- Proceed with an oral or written deposition.
Anyone sent discovery must answer within the time allotted by civil law or as per a court’s order.
Depositions, whether written or oral, are taken under oath. The witness answers questions, and these answers are recorded by a court reporter. Depositions can be used if the case goes to trial. The questions are often wide-ranging but relevant to the lawsuit. In personal injury cases, the witness is asked about the circumstances leading up to the accident or incident.
Mediation, or Alternative Dispute Resolution (ADR), is one way of resolving a case before going to trial. The goal of mediation is reaching a settlement or an agreement between the parties in the suit. The attorneys representing the plaintiff and the defendant are present during mediation, and the plaintiffs or defendants may choose to appear.
A third-party mediator works impartially and “facilitates communication between parties to promote reconciliation, settlement, or understanding among them,” according to the Texas ADR statute. These mediators are lawyers and some previously served as judges. The session starts with all parties in the same room, with each attorney presenting their case. The parties separate and go into different rooms, and the mediator speaks with each side privately.
Whether you have to stay in the same room with “the other side” depends on your feelings and your attorney’s advice. You do not have to speak unless you want to and your attorney believes it is in your interest. If you decide to speak, whatever you say is privileged information. It remains confidential and cannot be used against you in the lawsuit. The mediator may suggest ways of resolving a dispute but does not have the authority to decide an issue. The goal of mediation is to reach a settlement. The mediation session is not recorded, either by tape or stenographer.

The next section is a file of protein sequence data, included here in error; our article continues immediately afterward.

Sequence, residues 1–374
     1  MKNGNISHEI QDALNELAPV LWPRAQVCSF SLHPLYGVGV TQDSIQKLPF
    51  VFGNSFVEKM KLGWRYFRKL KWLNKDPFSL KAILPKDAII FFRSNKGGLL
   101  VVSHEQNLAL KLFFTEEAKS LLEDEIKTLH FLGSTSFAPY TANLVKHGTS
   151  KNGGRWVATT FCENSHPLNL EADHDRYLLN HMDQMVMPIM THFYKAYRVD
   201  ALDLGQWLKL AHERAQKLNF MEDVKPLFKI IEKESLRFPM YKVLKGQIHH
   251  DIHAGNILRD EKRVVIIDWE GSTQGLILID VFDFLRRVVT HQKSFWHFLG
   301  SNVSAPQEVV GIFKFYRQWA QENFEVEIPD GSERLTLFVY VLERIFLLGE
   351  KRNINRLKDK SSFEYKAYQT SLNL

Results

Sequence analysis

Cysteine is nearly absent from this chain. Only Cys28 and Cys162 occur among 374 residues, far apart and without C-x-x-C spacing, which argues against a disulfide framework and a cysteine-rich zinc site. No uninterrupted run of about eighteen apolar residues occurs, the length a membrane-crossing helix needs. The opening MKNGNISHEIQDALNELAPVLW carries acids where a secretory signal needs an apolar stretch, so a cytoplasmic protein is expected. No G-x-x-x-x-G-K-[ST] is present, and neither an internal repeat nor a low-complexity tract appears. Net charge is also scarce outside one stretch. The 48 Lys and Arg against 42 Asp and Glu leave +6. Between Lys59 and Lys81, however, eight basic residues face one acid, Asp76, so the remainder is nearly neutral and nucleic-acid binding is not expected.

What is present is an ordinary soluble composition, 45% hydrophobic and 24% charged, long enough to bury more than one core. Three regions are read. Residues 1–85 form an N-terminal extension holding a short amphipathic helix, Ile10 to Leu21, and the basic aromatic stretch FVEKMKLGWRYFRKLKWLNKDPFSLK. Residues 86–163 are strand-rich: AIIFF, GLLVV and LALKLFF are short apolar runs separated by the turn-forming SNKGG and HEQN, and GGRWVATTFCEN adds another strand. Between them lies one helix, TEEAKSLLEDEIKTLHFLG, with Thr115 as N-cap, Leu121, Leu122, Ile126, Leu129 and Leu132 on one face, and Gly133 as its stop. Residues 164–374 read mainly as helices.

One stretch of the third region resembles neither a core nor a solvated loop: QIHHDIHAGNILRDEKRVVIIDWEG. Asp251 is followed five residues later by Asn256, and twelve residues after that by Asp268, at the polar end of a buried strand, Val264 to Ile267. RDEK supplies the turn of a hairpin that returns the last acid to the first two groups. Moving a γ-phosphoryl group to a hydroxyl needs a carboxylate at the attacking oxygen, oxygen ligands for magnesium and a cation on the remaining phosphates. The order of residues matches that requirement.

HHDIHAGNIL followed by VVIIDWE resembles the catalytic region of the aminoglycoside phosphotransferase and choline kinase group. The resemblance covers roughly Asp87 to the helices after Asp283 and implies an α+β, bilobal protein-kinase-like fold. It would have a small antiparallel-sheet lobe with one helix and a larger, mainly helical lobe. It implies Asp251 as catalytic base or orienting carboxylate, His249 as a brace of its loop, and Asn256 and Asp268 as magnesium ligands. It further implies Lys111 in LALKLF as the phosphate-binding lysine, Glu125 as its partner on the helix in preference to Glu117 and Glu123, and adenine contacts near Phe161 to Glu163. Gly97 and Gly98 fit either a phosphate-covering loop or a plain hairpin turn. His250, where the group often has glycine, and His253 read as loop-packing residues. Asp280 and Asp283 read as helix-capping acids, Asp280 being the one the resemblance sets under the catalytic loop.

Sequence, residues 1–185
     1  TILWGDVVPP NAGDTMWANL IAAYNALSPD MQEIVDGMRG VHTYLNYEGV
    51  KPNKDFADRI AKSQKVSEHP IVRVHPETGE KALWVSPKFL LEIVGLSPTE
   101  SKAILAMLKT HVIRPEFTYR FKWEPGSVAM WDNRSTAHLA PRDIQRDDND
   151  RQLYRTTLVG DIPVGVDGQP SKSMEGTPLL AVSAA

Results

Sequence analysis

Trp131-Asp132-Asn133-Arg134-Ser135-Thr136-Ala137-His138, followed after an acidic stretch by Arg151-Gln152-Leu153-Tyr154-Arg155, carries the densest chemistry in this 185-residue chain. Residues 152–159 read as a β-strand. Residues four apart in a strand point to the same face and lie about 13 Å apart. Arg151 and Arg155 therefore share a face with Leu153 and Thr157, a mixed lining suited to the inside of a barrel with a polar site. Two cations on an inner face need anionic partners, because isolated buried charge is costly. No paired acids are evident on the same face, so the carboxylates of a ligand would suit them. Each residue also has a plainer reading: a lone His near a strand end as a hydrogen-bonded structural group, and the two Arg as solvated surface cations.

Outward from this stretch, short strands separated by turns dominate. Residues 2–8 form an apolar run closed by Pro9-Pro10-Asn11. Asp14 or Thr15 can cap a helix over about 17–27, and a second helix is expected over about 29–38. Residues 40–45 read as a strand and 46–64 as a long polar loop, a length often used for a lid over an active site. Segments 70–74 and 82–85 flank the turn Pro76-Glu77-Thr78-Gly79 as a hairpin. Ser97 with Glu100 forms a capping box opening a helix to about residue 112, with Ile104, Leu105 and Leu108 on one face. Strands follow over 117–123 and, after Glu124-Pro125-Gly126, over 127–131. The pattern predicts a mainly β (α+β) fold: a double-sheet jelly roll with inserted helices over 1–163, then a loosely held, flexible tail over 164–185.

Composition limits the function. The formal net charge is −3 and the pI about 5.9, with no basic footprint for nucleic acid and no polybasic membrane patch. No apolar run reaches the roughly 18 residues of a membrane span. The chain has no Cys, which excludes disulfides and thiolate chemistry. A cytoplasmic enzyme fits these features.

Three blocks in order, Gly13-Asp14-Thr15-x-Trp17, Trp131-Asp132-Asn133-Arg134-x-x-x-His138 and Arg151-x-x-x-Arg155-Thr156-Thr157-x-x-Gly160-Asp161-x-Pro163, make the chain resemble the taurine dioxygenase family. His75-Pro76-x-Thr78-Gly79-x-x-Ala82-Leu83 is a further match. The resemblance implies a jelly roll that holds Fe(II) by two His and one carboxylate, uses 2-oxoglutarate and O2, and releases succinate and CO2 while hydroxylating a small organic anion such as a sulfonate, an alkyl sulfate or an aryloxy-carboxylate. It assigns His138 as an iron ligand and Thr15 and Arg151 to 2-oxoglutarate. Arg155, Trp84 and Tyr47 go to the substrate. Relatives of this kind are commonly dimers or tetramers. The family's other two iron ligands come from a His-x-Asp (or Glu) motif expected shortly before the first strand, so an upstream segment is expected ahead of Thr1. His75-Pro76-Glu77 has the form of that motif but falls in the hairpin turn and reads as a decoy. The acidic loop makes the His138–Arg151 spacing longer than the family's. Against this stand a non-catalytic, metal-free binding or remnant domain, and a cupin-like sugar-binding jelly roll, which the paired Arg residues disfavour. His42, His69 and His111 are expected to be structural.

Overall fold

While the goal of mediation is to reach a settlement, it does not always happen. The next step in a case that has not settled is going to trial, although the overwhelming majority of personal injury cases are settled. A settlement is possible at any time, including during a trial or even after a verdict is returned. Once a settlement is reached, the case is over.
If the case is not settled, it goes to trial. Civil cases may be tried with or without a jury. In civil cases, a written request for a jury trial must be filed with the clerk of the court within a specified time period. During jury selection – or voir dire – the lawyers for either side, as well as the judge, can question the potential jurors. Either side can dismiss potential jurors.
While a civil trial is similar to a criminal trial, the defendant is not accused of a crime, and there is no “guilty” or “not guilty” verdict. Each attorney gives an opening statement, focusing on what they intend to prove with the evidence presented. Since the burden of proof rests on the plaintiff, their evidence and witnesses go first. The plaintiff’s attorney can directly examine the witness, while the questions asked by the defendant’s attorney are called cross-examination.
Once the plaintiff’s attorney is finished presenting evidence, it becomes the defendant’s turn to put forward witnesses and evidence, with direct and cross-examination. Once all the evidence is presented, the jury receives questions along with instructions from the judge. The way questions are worded is crucial. A poorly worded question can end up causing a decision to become reversed on appeal.
Questions are answered either in the negative or the affirmative. A sample question in a personal injury case may be: “Do you find by a preponderance of the evidence that John Jones was driving his automobile in excess of the posted speed limit of 45 miles per hour?”
Juries then return a verdict, representing their findings on a case.